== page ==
Directed by: ,
Written by: , , , , , ,
Starring: , , ,




RUNNING TIME: 108 mins/98 mins

REVIEWED BY: Dr Lenera, Official HCF Critic


Jessica Barrett runs away from a satanic ceremony and abandons her boyfriend Dimitri. However, Dmitri is trapped in a pact with the Devil, who will let him survive a car accident as long as he ensures that a certain child is born of Jessica. Many years later, Jessica lives in San Francisco with her husband Robert and their two children Ken and Gail. She become pregnant a third time, but after a major vomiting session during Ken’s birthday party she goes to her doctor who notices that the pregnancy is highly advanced. It also begins to affect Jessica’s behaviour. At the same time, she and Robert are being followed by Dimitri….

Throughout the ’70s and the first half of the ’80s, the Italians were kings of the horror movie ripoff, with even a minor success like Patrick getting a sequel/remake, while major hits were sometimes exploited and copied to death. Dawn Of The Dead led to a wave of gruesome zombie flicks, and I’ve seen them all, but I haven’t yet explored the cycle of films inspired by The Exorcist, except for The Night Child and the appalling travesty that was House Of Exorcism, the re-cut of Mario Bava’s beautiful masterpiece Lisa And The Devil. So I was most keen to see Beyond The Door, the most commercially successful of these flicks and indeed a decent hit in the United States, even though I was lukewarm on its director/producer Ovidio G. Assonitis, the man behind Tentacles, The Visitor [which he only produced but which has his fingerprints all over it] and Madhouse, the latter two also released by Arrow Video a while back and all three reviewed by yours truly. But Beyond The Door, at the least, feels like his most fully achieved work out of the ones that I’ve seen, and one that’s not much like William Friedkin’s classic at all even if it does utilise its main situation and copies some scenes as well a showing the influence of Rosemary’s Baby. It’s full of odd digressions, people behaving oddly, things that don’t make sense, all served up in a languid, dreamlike fashion which might still seem like poor film-making in another context but which sort of fits here. This is a film which, for instance, begins with the Devil telling us for two minutes how he’s not depicted much these days and now exists mostly “underground” while the camera pans around loads of candles surrounded by darkness. The fact that some of the plot remains confusing is therefore possibly neither here nor there, seeing as Assonitis is seemingly more interested in things like his characters just wondering about.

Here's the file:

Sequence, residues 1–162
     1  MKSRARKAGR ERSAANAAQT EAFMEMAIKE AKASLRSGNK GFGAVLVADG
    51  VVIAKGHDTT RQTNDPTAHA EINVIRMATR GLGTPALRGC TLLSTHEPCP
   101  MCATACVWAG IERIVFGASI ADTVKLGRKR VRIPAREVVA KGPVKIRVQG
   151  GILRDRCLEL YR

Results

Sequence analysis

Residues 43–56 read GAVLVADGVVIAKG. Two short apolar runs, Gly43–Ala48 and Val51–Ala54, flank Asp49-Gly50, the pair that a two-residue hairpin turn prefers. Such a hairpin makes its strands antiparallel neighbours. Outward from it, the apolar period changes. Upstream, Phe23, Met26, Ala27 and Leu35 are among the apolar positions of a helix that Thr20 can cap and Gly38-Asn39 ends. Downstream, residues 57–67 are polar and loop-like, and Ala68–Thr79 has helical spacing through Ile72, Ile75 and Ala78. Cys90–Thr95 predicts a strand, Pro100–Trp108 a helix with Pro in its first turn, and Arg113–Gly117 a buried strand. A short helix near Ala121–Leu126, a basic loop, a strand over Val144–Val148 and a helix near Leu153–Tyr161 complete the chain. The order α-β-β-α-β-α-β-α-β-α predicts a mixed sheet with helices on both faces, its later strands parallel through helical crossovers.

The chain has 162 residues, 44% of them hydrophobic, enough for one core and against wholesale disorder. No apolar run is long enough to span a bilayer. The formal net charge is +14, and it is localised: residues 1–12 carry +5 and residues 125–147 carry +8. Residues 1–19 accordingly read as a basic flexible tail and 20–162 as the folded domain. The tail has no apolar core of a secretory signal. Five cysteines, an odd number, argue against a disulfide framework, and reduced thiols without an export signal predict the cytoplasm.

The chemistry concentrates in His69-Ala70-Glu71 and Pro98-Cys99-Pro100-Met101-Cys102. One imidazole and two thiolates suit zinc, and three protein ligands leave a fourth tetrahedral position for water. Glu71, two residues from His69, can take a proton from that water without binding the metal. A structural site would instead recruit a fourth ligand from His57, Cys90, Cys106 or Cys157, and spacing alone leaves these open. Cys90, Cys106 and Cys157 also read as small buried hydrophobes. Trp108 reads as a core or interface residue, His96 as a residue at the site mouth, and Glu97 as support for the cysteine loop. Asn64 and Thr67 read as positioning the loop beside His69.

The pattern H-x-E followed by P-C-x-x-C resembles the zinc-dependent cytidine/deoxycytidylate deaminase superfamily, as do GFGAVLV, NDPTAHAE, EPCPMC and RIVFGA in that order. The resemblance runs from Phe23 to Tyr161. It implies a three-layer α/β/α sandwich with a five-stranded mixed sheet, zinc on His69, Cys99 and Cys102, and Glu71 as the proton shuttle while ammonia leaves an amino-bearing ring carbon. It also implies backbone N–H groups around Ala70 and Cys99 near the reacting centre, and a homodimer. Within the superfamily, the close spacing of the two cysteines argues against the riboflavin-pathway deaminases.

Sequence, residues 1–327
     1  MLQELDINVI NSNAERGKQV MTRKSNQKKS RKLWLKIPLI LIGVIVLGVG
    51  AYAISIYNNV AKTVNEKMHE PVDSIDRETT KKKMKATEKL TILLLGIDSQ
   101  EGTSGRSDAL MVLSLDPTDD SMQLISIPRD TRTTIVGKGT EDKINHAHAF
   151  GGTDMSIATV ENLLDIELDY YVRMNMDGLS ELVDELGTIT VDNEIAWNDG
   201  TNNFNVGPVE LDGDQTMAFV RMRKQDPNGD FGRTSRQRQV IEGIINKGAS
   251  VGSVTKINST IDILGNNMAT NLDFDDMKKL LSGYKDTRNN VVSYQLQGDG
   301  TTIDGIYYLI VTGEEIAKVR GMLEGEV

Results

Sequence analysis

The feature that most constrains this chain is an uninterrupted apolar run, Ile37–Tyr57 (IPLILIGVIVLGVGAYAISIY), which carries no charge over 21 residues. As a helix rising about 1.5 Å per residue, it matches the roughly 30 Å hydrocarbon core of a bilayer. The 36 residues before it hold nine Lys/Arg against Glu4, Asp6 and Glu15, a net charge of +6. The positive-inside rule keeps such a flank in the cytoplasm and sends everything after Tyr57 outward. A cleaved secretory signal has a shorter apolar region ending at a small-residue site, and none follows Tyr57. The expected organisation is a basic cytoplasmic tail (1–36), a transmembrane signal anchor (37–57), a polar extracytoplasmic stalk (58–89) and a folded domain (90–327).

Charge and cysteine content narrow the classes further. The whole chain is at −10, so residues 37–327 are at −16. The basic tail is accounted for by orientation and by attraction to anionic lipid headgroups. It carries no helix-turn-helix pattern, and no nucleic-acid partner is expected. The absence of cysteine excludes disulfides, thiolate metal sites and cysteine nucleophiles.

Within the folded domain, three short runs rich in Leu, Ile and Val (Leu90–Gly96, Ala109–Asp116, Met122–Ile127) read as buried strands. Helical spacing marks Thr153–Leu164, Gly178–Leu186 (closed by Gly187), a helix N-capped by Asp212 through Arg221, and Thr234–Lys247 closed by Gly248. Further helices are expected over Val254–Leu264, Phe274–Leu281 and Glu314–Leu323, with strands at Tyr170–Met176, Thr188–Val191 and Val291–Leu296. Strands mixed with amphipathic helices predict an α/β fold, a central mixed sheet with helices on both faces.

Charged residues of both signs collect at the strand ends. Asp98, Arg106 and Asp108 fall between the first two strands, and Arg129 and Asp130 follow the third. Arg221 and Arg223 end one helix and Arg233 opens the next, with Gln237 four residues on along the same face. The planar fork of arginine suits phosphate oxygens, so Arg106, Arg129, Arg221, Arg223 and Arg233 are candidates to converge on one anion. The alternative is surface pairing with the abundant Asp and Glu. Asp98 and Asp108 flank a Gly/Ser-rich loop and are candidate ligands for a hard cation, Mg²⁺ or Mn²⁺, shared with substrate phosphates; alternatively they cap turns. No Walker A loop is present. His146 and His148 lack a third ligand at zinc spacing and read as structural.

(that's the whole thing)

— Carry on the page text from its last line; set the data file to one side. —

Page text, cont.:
A total of seven people, including Assonitis, are credited with the screenplay and one is tempted to wonder if some of them were working independently to others. It was first assistant director Peter Shepherd who brought Juliet Mills onto the project, having previously worked with her on Avanti!, even though Assonitis would have preferred Samantha Eggar for the lead role. Mills was offered a choice of either points in the movie or her salary. Her agent William Morris, said, “no, no, no, just get your money up front, you might never see the money with these Italians”, so she took her salary, something she later regretted when the film went on to become a hit. Though Italian-made, with all the interior shots filmed at the Incir De Paolis Studios in Rome, all exteriors were shot on location in San Francisco. American International Pictures initially expressed interest in distributing it in the States before Film Ventures International acquired for $100,000 and made a fortune after removing ten minutes, details of which can be found near the bottom of this review seeing as Arrow have also included the American cut in their set. Most other countries got the full version entitled The Devil Within Her. Warner Bros. filed a lawsuit, claiming copyright infringement of The Exorcist, which was ultimately settled in the favor of Warners with the studio receiving a cash settlement and a portion of the film’s future American revenue. The makers were lucky; soon after this a ‘blaxsploitation’ Exorcist variant called Abby was actually taken out of cinemas after two weeks due to another Warners lawsuit and it’s rumoured that they destroyed all the original prints, DVD releases being of poor quality. Beyond The Door was never followed by an official sequel, but to cash in on its success Bava’s Shock was re-titled Beyond The Door 2 in the U.S, in 1979, while 1989 saw the equally unrelated Death Train being given the Beyond The Door 3 monicker